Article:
The Ultimate Guide To Convertible Bond Strategy ETFs

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May 11, 2017 10:53am NASDAQ:FCVT

corporate bond

While we expect equity markets to continue strengthening with improving economic conditions, we do see potential risks. The geopolitical environment, monetary policy, upcoming changes to the U.S. Federal Reserve (the Fed) regime, and the ability of the Trump Administration to get policy passed in D.C. all pose threats to markets.


These threats can cause shifts in market sentiment and volatility, which can have negative impacts to investors despite improving conditions. Strategies that offer investors some continued upside potential but may protect more in a down market should be considered. One asset class we tend to favor in this type of environment is convertible bonds.

Convertibles bonds are hybrid securities, combining characteristics of both equities and traditional bonds, as each convertible bond is exchangeable for equity shares. As equity prices move upward, the value of the convertible bond moves up to a degree based on its conversion feature. This can lead to a healthy degree of equity sensitivity as equities move higher.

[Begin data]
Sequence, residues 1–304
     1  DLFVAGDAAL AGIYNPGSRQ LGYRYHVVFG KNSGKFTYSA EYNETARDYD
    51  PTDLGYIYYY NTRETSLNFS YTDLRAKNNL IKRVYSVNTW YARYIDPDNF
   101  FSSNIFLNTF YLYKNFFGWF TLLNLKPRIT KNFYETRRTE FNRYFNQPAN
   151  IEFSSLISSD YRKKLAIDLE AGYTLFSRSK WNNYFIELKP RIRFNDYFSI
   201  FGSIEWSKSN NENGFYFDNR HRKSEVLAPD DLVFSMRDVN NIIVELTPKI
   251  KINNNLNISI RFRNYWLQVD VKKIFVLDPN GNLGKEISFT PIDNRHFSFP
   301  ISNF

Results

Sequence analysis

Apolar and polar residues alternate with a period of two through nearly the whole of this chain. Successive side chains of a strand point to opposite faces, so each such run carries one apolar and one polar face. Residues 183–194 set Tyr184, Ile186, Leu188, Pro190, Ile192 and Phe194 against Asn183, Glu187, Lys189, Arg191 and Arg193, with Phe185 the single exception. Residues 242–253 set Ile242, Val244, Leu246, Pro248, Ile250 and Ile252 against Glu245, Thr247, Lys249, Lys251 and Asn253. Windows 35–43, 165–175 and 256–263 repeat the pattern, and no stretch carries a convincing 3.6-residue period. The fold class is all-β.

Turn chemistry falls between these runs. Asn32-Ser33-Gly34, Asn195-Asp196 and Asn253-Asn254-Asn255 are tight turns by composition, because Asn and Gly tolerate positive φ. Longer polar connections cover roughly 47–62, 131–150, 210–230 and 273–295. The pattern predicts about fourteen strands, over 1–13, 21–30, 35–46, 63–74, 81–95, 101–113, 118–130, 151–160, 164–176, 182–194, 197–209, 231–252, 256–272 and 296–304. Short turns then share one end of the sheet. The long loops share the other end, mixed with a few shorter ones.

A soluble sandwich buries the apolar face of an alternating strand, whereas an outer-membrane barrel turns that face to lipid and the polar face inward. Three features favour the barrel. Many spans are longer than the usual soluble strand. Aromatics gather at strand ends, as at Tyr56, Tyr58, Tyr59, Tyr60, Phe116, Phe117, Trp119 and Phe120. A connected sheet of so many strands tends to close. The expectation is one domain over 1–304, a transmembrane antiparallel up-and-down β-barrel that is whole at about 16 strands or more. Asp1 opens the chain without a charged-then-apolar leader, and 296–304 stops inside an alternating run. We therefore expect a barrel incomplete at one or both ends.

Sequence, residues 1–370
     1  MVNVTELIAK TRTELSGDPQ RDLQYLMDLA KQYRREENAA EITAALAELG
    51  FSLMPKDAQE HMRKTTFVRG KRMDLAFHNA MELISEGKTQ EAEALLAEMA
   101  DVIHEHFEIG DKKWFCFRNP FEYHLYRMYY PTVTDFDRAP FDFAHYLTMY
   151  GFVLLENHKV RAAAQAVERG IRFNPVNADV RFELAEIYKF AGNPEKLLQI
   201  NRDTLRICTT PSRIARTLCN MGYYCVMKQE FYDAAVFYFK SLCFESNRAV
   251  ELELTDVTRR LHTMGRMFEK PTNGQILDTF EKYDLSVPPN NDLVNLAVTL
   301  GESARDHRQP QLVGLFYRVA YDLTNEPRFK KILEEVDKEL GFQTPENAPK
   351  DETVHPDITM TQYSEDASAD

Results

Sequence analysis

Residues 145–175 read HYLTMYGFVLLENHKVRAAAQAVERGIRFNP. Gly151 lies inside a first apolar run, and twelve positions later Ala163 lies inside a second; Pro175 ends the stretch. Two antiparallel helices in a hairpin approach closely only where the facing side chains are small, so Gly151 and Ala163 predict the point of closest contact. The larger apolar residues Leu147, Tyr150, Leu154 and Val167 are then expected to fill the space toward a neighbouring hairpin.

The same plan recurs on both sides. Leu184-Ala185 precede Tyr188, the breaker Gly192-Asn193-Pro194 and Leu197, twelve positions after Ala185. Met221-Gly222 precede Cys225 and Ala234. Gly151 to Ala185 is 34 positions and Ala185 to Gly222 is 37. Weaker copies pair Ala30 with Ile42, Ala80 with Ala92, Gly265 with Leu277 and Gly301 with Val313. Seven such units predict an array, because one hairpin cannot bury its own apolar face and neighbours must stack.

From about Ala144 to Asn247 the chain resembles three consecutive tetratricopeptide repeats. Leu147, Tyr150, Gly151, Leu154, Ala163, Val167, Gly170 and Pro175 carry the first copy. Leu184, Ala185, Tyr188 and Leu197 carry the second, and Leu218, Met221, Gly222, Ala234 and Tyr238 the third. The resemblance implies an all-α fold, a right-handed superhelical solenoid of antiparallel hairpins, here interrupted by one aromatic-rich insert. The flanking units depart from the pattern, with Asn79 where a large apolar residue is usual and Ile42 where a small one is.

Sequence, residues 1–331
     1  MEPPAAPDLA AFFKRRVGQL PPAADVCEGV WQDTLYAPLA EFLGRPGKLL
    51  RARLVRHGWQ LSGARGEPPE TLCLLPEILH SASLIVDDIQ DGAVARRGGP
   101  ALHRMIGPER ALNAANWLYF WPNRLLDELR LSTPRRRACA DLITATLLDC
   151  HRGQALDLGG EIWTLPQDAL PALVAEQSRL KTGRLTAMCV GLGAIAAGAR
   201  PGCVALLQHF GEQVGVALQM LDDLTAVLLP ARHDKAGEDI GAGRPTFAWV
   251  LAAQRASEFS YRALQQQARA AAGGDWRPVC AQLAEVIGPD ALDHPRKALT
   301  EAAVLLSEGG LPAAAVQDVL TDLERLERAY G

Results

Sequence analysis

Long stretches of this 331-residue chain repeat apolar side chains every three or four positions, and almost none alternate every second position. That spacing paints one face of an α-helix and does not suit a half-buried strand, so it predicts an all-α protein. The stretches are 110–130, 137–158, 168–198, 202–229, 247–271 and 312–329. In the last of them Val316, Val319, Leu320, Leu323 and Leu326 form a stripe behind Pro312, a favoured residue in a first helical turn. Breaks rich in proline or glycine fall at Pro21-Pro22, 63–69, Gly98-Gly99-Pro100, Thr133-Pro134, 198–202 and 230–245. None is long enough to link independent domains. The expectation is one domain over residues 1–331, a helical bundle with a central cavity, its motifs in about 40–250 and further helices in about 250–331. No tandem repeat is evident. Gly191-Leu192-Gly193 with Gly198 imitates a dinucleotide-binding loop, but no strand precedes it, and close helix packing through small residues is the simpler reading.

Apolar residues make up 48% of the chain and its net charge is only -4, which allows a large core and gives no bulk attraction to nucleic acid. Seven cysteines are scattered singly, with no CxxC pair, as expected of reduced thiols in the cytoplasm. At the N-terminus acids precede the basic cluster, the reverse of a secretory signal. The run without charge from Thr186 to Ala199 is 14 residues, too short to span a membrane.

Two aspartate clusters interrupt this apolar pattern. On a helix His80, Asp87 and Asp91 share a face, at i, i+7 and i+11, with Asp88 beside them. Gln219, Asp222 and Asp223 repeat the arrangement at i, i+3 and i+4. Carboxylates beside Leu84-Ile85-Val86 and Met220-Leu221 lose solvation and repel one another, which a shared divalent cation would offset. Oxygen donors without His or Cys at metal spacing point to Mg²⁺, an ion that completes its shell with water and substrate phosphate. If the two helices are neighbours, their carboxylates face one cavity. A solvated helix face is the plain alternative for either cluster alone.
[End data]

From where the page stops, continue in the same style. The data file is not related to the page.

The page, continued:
fig1

However, as equities sell off the convertible bond will fall, but generally will find support to the downside as it begins to be valued for its fixed income characteristics, such as the return of principal and interest payment.

fig2

As the chart above demonstrates, a convertible bond may go through different phases during its life depending on the underlying equity price and the conversion feature. When the underlying equity price is below the conversion price, the convertible will tend to act more like a debt security rather than equity. As the equity price increases, the bond’s value will also increase due to the conversion feature. As the underlying equity price converges with the conversion price, the investor enters a sweet spot where they are participating more in the equity upside, while also collecting interest payments. As the equity price continues to rise, more equity sensitivity is experienced. However, as equity prices fall, the bond finds support again as it re-enters the middle or defensive range where it is supported by the convertible’s fixed income features.

Recently, we have seen improving fundamentals and believe we will continue to see GDP growth in 2017. Job creation remains on a positive trajectory, as we have seen continued strength in jobless claims and income levels. This strength should lend support to consumer sentiment and spending.

fig3